A few lower federal court cases provide an additional glimpse of meaning. For example, part of United States v. City of Philadelphia involved a group home for chronic substance abusers in a residential neighborhood. The court found that the City's refusal of the home's request to substitute a side yard for a rear yard requirement was a failure to make a reasonable accommodation.
Likewise, a federal district court in Louisiana has ruled that a request for a variance to allow an open internal passageway between the two sides of a duplex, thereby creating a single group home residence, was a request for a reasonable accommodation.
Very likely, the accommodation requested will simply be that a municipality modify, waive or make exceptions in its zoning rules to allow for the establishment of a group home.
For example, in Oxford House, Inc. v. Town of Babylon, the town's failure to exempt an Oxford House from the town's limit of four unrelated persons (the group home apparently housed five residents) constituted a failure to make a reasonable accommodation, and hence qualified as discrimination under the FHAA.
Could an ordinance allowing group homes only in some zones, such as multi-family or higher density zones, constitute a reasonable accommodation?
Put another way, could a municipality exclude group homes from certain residential zones via a facially neutral single-family zoning ordinance, as the City of Edmonds attempted to do?
It appears highly unlikely that such a restriction constitutes a reasonable accommodation, considering that most single-family homes are located in single-family zones. In fact, one federal court cursorily rejected the notion.
May a municipality require a group home to apply for a special permit or conditional use under a facially neutral zoning ordinance?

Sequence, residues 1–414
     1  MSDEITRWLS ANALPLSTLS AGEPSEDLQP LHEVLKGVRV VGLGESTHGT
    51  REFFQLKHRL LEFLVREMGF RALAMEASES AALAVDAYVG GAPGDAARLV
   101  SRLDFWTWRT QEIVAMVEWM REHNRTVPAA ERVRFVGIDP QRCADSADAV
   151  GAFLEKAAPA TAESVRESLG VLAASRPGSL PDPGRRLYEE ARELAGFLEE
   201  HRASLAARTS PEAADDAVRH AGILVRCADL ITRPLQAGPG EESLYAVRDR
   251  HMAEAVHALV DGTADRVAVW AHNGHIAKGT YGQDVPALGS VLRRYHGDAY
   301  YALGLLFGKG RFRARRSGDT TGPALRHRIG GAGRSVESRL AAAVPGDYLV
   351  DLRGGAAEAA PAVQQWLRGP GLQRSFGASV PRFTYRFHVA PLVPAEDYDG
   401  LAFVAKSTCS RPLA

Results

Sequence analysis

The special permit process may be the best way for municipalities to make case-by-case reasonable accommodations. Churches and funeral homes are typical special permit uses. Developers of group homes fear, however, that public hearings may increase the chance of relapse for recovering addicts. While federal courts have been divided on this question, one appellate court has upheld the use of the special permit process.
May a municipality require a group home to apply for a variance under a facially neutral zoning ordinance?
A variance grants permission to violate the zoning ordinance. A person seeking to obtain a variance must typically demonstrate that the ordinance would impose an unnecessary hardship. A person seeking a special permit or conditional use, on the other hand, merely has to show compliance with the conditions of the ordinance.
The Seventh Circuit's decision in Village of Palatine would indicate that a municipality should be given a chance to make a reasonable accommodation through the variance process. However, federal district courts have disagreed on this question - for example, Oxford House, Inc. v. City of St. Louis, states that the variance process, including a public hearing, "stigmatizes recovering alcoholics and addicts, perpetuates their self-contempt, and increases the stress which can so easily trigger relapse."
What limit on the number of unrelated persons who may live together would not be discriminatory?
The Edmonds court hints that six may be a reasonable number. Determinations will most likely be made on a case-by-case basis. Municipalities can still enforce the maximum occupancy restrictions found in their housing codes.
Can a municipality impose separation requirements on group homes?
Yes, according to the United States Court of Appeals for the Eighth Circuit in Familystyle of St. Paul, Inc. v. City of St. Paul, which involved a residential treatment facility for the mentally ill. The court upheld laws requiring that group homes be located at least a quarter mile apart to guarantee that they are "in the community" rather than clustered.
The issue is far from settled, however. The Familystyle decision has recently come under criticism. Additionally, in Horizon House Developmental Services, Inc. v. Township of Upper Southampton, a federal district court in Pennsylvania struck down a similar spacing requirement, rejecting the notion that integration of the handicapped adequately justifies validating a facially discriminatory ordinance. Several state attorney generals have also opined that their states' spacing requirements are unlawful.